Call our admissions line 24 hours a day to get help.
Pregabalin Addiction and the Brain
The precise way in which pregabalin works is currently not fully understood. However, it is thought that it affects various neurotransmitters in the brain by interrupting the way in which certain messages are sent and received. Scientists also believe that pregabalin affects the release of glutamate, substance P, and noradrenaline.
By reducing the release of these neurotransmitters, electrical activity in the brain is stabilised. When this happens, it can help to treat conditions such as epilepsy and anxiety disorders. The effect on glutamate and substance P helps when nerve pain is an issue.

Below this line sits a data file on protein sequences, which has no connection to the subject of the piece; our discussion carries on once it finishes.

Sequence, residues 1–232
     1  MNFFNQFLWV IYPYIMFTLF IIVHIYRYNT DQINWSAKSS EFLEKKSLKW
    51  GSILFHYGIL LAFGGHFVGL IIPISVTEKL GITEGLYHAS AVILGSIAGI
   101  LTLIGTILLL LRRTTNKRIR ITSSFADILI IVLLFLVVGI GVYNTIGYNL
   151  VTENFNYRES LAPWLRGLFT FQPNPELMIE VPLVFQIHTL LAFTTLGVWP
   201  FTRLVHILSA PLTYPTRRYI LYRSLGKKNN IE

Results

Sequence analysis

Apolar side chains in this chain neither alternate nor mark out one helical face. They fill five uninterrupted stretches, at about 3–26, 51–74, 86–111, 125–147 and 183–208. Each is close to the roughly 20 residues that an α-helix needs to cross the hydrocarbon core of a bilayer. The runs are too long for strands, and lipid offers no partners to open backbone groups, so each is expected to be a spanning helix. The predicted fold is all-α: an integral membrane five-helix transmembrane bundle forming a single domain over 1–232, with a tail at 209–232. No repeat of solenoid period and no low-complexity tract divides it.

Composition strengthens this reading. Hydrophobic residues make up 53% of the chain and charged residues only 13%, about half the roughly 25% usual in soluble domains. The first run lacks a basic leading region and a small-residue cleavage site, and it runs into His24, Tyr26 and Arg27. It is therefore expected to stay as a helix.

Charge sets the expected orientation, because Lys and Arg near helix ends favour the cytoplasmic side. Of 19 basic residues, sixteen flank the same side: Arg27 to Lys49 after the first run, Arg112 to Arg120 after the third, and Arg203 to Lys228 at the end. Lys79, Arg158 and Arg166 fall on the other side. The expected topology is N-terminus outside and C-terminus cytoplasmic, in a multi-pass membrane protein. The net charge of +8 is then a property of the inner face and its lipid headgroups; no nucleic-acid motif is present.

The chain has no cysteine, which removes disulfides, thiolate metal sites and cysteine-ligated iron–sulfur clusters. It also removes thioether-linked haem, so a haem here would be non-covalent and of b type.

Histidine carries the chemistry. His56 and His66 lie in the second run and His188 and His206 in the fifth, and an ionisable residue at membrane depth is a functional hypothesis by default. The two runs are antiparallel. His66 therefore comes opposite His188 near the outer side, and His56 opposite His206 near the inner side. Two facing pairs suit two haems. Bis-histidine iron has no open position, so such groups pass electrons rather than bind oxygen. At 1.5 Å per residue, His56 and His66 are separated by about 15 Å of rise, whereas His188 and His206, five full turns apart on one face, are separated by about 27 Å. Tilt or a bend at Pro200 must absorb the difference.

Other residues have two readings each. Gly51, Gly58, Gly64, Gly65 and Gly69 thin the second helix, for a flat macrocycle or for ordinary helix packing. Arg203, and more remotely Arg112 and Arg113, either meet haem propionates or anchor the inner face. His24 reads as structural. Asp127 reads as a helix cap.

Nevertheless, pregabalin is also responsible for stimulating the brain’s reward and pleasure centres. In some individuals, this results in a surge of pleasurable feelings coupled with a stimulated reward system. Usually, the upshot of this is an addiction.
Learn the Immediate Side Effects of Pregabalin Abuse
The immediate side effects of pregabalin abuse include:
- lack of coordination
- increased appetite
- slurred speech
- weight gain
- suicidal thoughts.
Learn the Long-Term Pregabalin Side Effects
Pregabalin is a relatively new drug so the long-term side effects are not well known at the time of this writing. Nonetheless, it is believed that chronic abuse of the medication can lead to issues such as:
- heart problems
- liver disease
- kidney disease.
Intervention for a Pregabalin Addiction